The Majesty of One
February 6, 2008
Walking to my polling place on Super Tuesday, I noticed more
people than usual out and about. When I realized they all were
going in the same general direction as I was, it occurred to me
that these people had put their lives on hold for a while as they
walked out of their house to go wait in a line - to vote. It was
a warm, sunny day yet I experienced an unexpected case of goosebumps
as I absorbed the enormity of what we were all doing, each of
us alone, yet collective in its outcome.
Further, there was no security at the polling booths, no protests
and no violence. In fact, the very ordinariness and civility of
it all simply overwhelmed me.
What a stark contrast from those horrific images of the deadly
election disputes in Kenya. And we have seen other vehement fighting
elsewhere with cries of foul play at many polling booths around
the globe. Yet as other countries struggle to get this election
thing right, we here at home make it look so easy.
There was something else that was even more astonishing. We all
must have believed that our one vote mattered. One vote out of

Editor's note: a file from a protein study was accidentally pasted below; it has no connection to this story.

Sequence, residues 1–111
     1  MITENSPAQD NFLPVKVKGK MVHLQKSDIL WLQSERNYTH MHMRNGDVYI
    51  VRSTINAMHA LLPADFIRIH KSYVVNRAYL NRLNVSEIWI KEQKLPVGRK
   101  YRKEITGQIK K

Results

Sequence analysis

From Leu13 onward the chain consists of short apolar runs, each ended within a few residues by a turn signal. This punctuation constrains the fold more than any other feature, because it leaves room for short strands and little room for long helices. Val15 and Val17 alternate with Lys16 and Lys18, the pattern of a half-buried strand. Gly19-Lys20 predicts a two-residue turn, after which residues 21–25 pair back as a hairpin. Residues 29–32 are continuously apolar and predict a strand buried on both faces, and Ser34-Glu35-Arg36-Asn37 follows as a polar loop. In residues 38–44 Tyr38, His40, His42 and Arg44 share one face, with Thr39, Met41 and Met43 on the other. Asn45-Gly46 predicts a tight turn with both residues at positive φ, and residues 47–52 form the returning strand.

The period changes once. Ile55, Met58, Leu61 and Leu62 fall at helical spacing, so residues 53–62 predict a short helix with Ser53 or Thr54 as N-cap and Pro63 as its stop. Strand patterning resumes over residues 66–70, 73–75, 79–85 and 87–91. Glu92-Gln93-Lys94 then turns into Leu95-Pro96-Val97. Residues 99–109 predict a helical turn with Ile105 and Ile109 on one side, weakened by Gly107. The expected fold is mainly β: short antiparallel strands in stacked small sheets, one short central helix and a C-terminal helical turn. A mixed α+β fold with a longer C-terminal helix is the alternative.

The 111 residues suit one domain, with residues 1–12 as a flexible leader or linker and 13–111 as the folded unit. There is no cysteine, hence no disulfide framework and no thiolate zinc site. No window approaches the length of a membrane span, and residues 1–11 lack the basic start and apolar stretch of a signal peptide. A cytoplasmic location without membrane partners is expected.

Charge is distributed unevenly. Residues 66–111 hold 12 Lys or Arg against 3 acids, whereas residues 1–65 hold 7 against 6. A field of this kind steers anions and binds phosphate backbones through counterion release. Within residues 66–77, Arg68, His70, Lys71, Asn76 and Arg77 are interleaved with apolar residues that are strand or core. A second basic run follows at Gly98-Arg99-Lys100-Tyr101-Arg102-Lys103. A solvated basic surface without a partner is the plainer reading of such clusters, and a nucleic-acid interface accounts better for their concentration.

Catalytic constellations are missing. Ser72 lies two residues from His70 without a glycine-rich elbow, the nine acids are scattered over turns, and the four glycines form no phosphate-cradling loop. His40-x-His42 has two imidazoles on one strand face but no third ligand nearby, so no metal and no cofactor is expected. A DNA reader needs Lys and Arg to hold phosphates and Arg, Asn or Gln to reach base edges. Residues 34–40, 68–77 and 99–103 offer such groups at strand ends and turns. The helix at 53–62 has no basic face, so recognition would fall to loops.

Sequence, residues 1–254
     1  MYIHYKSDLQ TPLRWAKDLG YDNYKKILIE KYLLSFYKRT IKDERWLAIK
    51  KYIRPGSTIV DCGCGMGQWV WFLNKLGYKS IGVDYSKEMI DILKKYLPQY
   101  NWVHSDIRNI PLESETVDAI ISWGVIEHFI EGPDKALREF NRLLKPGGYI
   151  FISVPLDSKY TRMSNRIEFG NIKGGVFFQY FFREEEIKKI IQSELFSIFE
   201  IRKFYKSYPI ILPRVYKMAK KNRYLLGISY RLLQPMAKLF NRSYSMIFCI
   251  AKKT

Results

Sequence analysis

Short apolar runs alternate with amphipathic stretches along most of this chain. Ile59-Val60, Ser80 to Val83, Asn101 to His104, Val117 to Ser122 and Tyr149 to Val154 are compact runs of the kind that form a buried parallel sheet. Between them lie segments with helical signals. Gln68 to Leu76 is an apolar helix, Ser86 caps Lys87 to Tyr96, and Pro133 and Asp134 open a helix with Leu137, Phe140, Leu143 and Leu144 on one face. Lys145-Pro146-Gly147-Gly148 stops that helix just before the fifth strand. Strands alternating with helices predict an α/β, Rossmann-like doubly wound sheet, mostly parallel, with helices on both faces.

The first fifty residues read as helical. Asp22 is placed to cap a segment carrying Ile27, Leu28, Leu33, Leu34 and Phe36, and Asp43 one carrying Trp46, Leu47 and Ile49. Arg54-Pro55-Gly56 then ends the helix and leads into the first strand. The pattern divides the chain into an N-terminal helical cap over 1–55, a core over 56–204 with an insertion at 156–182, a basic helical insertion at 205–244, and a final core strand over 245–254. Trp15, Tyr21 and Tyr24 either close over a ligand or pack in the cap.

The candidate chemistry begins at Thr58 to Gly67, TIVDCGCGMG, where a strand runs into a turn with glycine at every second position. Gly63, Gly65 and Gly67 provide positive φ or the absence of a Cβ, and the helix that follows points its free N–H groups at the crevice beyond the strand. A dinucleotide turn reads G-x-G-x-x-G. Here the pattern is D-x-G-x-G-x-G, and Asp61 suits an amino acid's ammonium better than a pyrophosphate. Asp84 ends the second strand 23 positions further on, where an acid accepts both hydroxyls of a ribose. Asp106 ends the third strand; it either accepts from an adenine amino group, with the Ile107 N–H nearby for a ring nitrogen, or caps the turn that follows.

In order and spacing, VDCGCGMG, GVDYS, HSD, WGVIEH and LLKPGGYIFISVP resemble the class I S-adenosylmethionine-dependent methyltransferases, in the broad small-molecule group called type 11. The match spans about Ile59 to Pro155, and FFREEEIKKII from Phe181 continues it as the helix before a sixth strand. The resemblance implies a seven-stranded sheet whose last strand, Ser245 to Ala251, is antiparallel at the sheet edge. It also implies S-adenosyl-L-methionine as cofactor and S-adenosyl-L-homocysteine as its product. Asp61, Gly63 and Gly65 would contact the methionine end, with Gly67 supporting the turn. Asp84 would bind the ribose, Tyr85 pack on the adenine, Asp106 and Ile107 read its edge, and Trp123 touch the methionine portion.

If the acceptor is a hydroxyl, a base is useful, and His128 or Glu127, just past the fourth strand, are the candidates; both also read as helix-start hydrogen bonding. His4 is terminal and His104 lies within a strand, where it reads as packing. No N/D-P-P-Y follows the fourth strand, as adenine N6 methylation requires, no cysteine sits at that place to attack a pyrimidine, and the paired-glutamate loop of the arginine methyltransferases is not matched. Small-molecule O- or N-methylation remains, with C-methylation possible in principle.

millions, yet we were undeterred by the minuscule odds that our
one vote could ever make a difference. Record turnouts were occurring
across the country because of a newfound recognition that it really
is up to each of us to make a determined effort to shape our own
Seeing all of my neighbors caring enough to participate in this
singular act that best defines a free society softened the cynicism
I had kept pent up for so long. The combination of witnessing
what can happen to our country if the wrong person is given the
reins to power, coupled with electrifying candidates, created
the perfect storm for getting involved.
I never thought I would see this level of civic involvement again.
I guess we are not too jaded after all if millions of us together
can dare to hope that we can steer this country back on a course
away from the brink of disaster.
Long ago in junior high, my friend ran for student council president.
The votes came back a tie, but she would have won if she had voted
for herself. She lost the run-off.
Our one vote does count when we go to the polls. This election
year, it seems that we also understand more than ever that it
also counts when we dont.